Rep. Charles Rangel (D-N.Y.) is Suing Speaker John Boehner (R-Ohio) and Six Other Lawmakers

charlie_rangel2Rep. Charles Rangel (D-N.Y.) was censured in late 2010 for ethics violations. The House Ethics Committee found Rangel guilty of 11 charges related to activity outside of the Capital. In 2010 Rangel was the Chairman of the House Ways and Means Committee, but eventually stepped down after the ethics charges came to light, also after pressure from Democrats in the House to step down.

On Monday Rangel filed s a complaint against  Speaker John Boehner (R-Ohio), Reps. Michael McCaul (R-Texas), Mike Conaway (R-Texas), Charlie Dent (R-Pa.) and Gregg Harper (R-Miss.).

The complaint states:

House members who approved his censure were “knowingly deceived” by the committee leaders — including then-Chairwoman Zoe Lofgren (D-Calif.) and ranking member Jo Bonner (R-Ala.) — into thinking that the probe “had been conducted in accordance with procedural rules and the protection of [Rangel’s] constitutional rights,” the complaint adds.

“The court cannot, under the circumstances described above, leave undisturbed and without adequate remedy, a plaintiff who has been knowingly, intentionally and willfully denied his right to due process, the protection of his other fundamental rights and his protected liberty interest, where the House has been purposefully misled as described herein: he must have this court to repair to, in order to vindicate his constitutional rights,” Rangel’s complaint states.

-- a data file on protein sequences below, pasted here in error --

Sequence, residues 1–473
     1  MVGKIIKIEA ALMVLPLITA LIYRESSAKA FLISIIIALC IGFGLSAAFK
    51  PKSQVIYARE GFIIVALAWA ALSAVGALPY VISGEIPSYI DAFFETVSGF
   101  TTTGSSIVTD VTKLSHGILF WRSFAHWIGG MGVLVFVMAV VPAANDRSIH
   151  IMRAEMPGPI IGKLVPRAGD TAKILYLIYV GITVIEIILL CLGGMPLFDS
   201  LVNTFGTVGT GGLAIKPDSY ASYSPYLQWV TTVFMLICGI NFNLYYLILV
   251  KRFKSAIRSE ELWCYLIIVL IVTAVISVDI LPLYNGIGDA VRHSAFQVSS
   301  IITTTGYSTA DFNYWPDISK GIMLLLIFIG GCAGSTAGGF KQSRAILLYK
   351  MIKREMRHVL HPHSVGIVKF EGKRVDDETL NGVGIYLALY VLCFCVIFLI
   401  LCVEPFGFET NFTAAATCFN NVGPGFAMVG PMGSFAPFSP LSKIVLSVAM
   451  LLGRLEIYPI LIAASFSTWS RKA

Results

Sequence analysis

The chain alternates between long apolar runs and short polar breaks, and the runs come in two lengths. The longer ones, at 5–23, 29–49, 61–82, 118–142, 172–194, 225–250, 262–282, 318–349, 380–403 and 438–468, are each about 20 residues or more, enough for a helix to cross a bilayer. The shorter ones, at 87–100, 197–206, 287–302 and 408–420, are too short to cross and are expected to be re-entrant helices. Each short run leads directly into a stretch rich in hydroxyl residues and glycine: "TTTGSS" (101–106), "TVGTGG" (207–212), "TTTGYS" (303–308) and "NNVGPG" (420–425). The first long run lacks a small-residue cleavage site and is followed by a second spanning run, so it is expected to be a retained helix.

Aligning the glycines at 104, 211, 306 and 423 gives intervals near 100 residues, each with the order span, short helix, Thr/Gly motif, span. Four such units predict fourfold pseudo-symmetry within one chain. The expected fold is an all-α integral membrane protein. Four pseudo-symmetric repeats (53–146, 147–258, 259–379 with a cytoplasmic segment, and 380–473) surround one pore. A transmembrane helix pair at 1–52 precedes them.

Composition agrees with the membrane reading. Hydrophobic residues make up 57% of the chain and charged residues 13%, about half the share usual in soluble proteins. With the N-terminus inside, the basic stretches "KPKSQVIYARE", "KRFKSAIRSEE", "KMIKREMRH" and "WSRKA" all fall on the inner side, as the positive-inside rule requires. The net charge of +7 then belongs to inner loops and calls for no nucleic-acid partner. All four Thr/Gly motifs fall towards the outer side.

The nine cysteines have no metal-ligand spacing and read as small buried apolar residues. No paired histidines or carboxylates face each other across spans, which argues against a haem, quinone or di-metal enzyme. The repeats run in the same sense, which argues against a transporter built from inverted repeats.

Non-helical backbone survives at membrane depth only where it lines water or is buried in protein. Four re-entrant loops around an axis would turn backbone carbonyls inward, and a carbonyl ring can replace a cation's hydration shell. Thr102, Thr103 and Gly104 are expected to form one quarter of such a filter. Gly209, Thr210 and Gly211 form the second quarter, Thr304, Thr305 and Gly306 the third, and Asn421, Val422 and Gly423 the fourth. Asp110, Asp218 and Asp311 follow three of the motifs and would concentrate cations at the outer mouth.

The complaint cites several emails to Lofgren from R. Blake Chisam, the former chief counsel of the ethics panel — then known as the Committee on Standards of Official Conduct — claiming that two staff attorneys conducting the Rangel investigation withheld information and broke other rules that might have led to a different verdict.

“The suppressed material would probably have led to a different outcome,” the complaint said.

The charges were quickly dissed:

A House GOP aide was quick to dismiss the suit on Monday.

“The House overwhelmingly voted to censure then-Chairman Rangel by a bipartisan vote of 333-79,” the aide said. “It’s sad that he has resorted to such tactics in the face of damning evidence.”

The complaint was filed in the federal court in Washington , DC. Although it is not unheard of that cases like Rangel’ are filed, court cases like this are very rare involving the court getting involved in House charges.

Cases like Rangel’s are “almost unheard of,” said Kenneth Gross, a Washington lawyer who specializes in political spending and ethics. “But as far as Congressman Rangel is concerned, the stakes are high because this has to do with his legacy.”

One of the best-known challenges of Congress’ authority to punish its own members involves Adam Clayton Powell, the scandal-plagued Harlem congressman that Rangel defeated in 1970.

In 1967, Powell’s House colleagues denied him his seat after a criminal contempt violation and allegations that he misused public funds. Powell’s legal challenge, which named then-House speaker John McCormack, other lawmakers and several congressional staffers, went all the way to the U.S. Supreme Court. The justices ruled in 1969 that Congress acted unconstitutionally when it excluded Powell from the U.S. House of Representatives.